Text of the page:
Dispatch from Budapest
Protocol at Chimera-Project
January 29 through March 6, 2015
1072 Budapest Klauzál tér 5.
Budapest, +36 30 768 2947
From the top of the stairs leading to the mezzanine of Chimera-Project on Klauzál Square, the visitor could just make out Róbert Németh’s glowing trompe l’oeil curtains Untitled (2015), painted in a commandeered storage closet. Much like the theme of the exhibition “Protocol” (29th January through March 6th), the drawing disappeared on closer inspection; dissolving into darkness and incomprehensibility when one drew too close — highlighting the often ambiguous and transitory nature of the once precisely defined genre of drawing. Németh’s gesture was effected with a UV light and a motion sensor, but the work of the five other artists in the exhibition runs the gamut, from intensely literal — such as Péter Koppányi’s iridescent graphite pseudo-photograms — to a very loose interpretation of line itself, as in Delphine Pouillé’s performances in the streets of Taipei.
The exhibition addresses very drawing-centric concerns — mark-making, line, diagramming, doodling, and spontaneity, as opposed to drawing as preparation for something else — and this curatorial approach welcomes other disciplines, represented in Stefan Tiefengrabers’s Wal-E-esque random drawing apparatus and Pouillé’s dance-like performance pieces. Enclosed in a sturdy wooden box and dropped in the post, Tiefengrabers’s Delivery Graphic (2013 – ongoing) is a stylus conveyed by three ball bearings. While in transit the little mechanism generates a drawing that rolls hither and yon, leaving a record of its movements, and a register, of sorts, of its meta travels, and presenting a very neat rationale for the purpose of making lines. The hardware of the piece also fits itself nicely into the historical repertoire of fascinating drawing instruments: Koh-I-Noor pens, protractors, compasses, and even 18th and 19th century drawing automata. Opposed to this open approach to generating random marks are Koppányi’s obsessive silhouettes. Koppányi doesn’t allow himself to be pigeonholed into a specific working process. On the one hand he may literally copy the furred and gnarly edge of a sheet of notepaper ripped from a spiral binding, as in Page, Encyclopedia of Nothing (2014), but on the other reproduce what seems to be a cross-section of a modernist housing complex — Order, Encyclopedia of Nothing (2013). Both are outlines by definition, and his thick, solid and gleaming expanses of graphite, with their precise edges, remove the artist from the work by a degree of separation that, similar to Tiefengraber, situate the artist as alienated record-maker.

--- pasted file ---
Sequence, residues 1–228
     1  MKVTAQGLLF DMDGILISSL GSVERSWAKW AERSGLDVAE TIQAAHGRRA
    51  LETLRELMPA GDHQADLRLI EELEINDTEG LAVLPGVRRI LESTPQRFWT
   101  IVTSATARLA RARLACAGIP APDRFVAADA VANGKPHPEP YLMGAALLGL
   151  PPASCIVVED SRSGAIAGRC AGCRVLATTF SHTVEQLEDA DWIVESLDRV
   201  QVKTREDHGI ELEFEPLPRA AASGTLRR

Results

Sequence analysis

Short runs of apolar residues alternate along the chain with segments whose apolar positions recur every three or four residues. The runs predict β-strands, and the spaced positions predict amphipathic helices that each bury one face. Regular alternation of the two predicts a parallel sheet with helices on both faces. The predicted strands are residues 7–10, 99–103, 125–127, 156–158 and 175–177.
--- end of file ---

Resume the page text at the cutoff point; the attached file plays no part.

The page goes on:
The Post-it-based sketches of András Wahorn are points where “Protocol” oscillates nicely between randomness and intentionality. Wahorn created a body of drawings on Post-it notes while based in Los Angeles from 1994 to 2001 and has retrofitted them into larger works that play off and expand on the simple or iconic spontaneous imagery of the yellow squares. Whether or not the Post-its are doodles is immaterial: the extreme ephemerality of the medium forces any art based on this medium into a spontaneous and transitory category. Wahorn then utilizes the drawing fragments as inspiration for a larger works. Here he presents the Post-it/doodle as a spark in for Meditation (2001), where a serpentine figure kneels before a Gauguin-like fetish, and Something Inside the Head (2001) in which a Post-it Homunculus has taken up residence in the head of a screaming giant. Erika Baglyas’ works are almost too narrative and representational to quite fit among the other works. She presents a very graphic visual equation: a lump or puddle of color or, as in Training Camp 3 (2014), a large arrow, which is then assimilated into a composition with smaller non-descript figures. The imagery is vaguely angsty and political but lacks the bluntness or the quirk of the other pieces.
A flat-screen display featuring seven brightly colored raincoat-clad figures marching through the streets of Taipei marks the periphery of the realm of drawing claimed by “Protocol.” The female figures are connected by tubes from one individual’s mouth to the back of the hood of the preceeding individual, and while the performance touches on issues of expression and verbalization and freedom of movement/expression, or lack thereof, the actors very literally form nodes along the length of a line. While they move, the tubes bend and stretch and one of the most basic elements of a drawing, a line, is modulated and transformed according to the topography of the city blocks and sidewalks of the urban fabric. Pouillé’s six-minute-long video Umbilical Parade (2012), bridges the space between an experiential, body-based performance while jerry-rigging together all the niceties of a well-made diagram or graphical interface — color, visual interest, representation of data, environmental input and the resulting behavior expressed by the performers/vehicle of graphic representation.
Outside of “Protocol,” Umbilical Parade might not have been read as a drawing, but starting with silhouettes and building up our tolerance for the unexpected with Post-its, motion sensors, and ball bearings, the expanse of the genre of mark-making is substantially and happily extended to fill much of the new territory opened up by ever-developing genres.print